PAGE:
Sport & Auto
- About Future
- Digital Future
- Cookies Policy
- Terms & Conditions
- Investor Relations
- Contact Future
The Creative Cloud icon soared high above Golden Gate Park's museum campus for today's launch event at the DeYoung Museum.
Adobe held a launch event today for Creative Suite 6 and the brand-new Creative Cloud. If you're a creative type, you can watch the entire hour-long presentation and demos (it'll be rebroadcast continuously until 4pm Pacific today, and starting tomorrow you can watch it on-demand at tv.adobe.com), but let me just tell you why I'm so hyped about Creative Cloud.
(In fact, Robin Dick, our art director, and I attended this event together, and when we got back to the office one of the first people we happened to encounter was our friendly IT tech, and we immediately accosted him to explain why we needed Creative Cloud, like, yesterday.)
First of all, Creative Cloud is software-as-a-service. Instead of shelling out $1,299 to $2,499 for a Creative Suite collection, you pay monthly. It's $49.99 per month for a yearly membership, and if you're already using CS3, CS4, or CS5, your first year is only $29.99 per month. (Month-to-month is $74.99 per month -- good for test drives or if you only need CS6 for a one-time project.) For that you get access to the entire Creative Suite 6 -- that's all 14 CS6 apps, from the heavy hitters like Photoshop, Premiere Pro, and Illustrator, to ones you may have never played with, like Fireworks, SpeedGrade, and Encore. They can all be downloaded to any machine you're working on with the new App Store-like application manager.
You even get access to two new apps, Adobe Muse and Adobe Edge preview, that aren't available in any boxed version of CS6. These are new tools for design and development of HTML5 content, and their inclusion in Creative Cloud points to Adobe's commitment to pushing out innovations to Cloud users as soon as they are ready. More updates are on the horizon, too.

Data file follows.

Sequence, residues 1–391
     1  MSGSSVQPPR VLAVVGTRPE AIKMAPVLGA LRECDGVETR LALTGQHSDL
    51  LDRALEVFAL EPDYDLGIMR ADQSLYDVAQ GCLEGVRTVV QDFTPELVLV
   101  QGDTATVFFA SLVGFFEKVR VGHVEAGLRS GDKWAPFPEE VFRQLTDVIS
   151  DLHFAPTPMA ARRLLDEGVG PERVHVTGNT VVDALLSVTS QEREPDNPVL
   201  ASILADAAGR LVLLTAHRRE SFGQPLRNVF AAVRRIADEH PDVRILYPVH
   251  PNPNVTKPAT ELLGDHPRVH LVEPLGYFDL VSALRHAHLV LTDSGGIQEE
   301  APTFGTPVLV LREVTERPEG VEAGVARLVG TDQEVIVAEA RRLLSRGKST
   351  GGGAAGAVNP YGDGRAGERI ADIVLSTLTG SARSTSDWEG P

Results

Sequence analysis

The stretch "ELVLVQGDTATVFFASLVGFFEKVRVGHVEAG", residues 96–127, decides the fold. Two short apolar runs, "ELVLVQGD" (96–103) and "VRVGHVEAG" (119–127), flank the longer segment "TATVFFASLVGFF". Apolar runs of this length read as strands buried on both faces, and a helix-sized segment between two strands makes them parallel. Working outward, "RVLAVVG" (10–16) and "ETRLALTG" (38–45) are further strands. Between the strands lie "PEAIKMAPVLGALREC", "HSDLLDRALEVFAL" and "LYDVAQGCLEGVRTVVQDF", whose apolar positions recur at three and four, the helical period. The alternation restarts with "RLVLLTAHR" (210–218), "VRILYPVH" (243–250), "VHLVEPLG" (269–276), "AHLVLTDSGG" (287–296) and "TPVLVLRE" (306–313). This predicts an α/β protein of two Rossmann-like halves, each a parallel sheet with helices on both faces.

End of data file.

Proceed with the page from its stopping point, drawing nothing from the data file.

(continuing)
Creative Cloud also includes 20GB of cloud storage for your Adobe files and projects. The Creative Cloud Connection app works like Dropbox on the Mac, adding a folder in your Finder and syncing its content up to the cloud automatically. You can access your files locally or on a slick web-based interface. But it's got more power than Dropbox, since it recognizes your Adobe files. Dropbox can go, "Hi, I'm Dropbox, here's an InDesign file," but all you can do is download that file and open it in InDesign. If you upload that same InDesign file to your Creative Cloud storage, suddenly you can share it with other users who can preview each page of it right in the Web interface (even if they don't have InDesign), leave comments on it, download a copy, and so on. Photoshop files can show you their color palettes. It's all incredibly cool.
And I feel like a game show host, BUT WAIT THERE'S MORE. You also get access to Adobe's touch apps: Photoshop Touch and Adobe Ideas, for starters, and a few more currently Android-only apps that are coming to iPad soon. They let you sketch out ideas, mock up concepts, and then save those files and color palettes right to Creative Cloud, so they'll be waiting for you back at your computer.
Creative Cloud will even have publishing services, letting you host up to 5 websites, and it'll make it easy to publish your work on iPad, iPhone, and Android devices. You also get access to Adobe Typekit, with more than 700 web fonts you can use in your projects.
And the cloud wouldn't be the cloud without some social features. Besides being able to collaborate on your projects with coworkers, you'll be able to join communities (think Flickr groups) and share inspiration, work, and tips. You'll be able to access training and support too—there's a lot of new mojo packed into the CS6 apps, but Adobe wants to make sure you stay up to speed.
Pretty cool, right? Creative Cloud is available for preorder now. We'll have a full review in our August 2012 issue, along with the major CS6 apps. Stay tuned!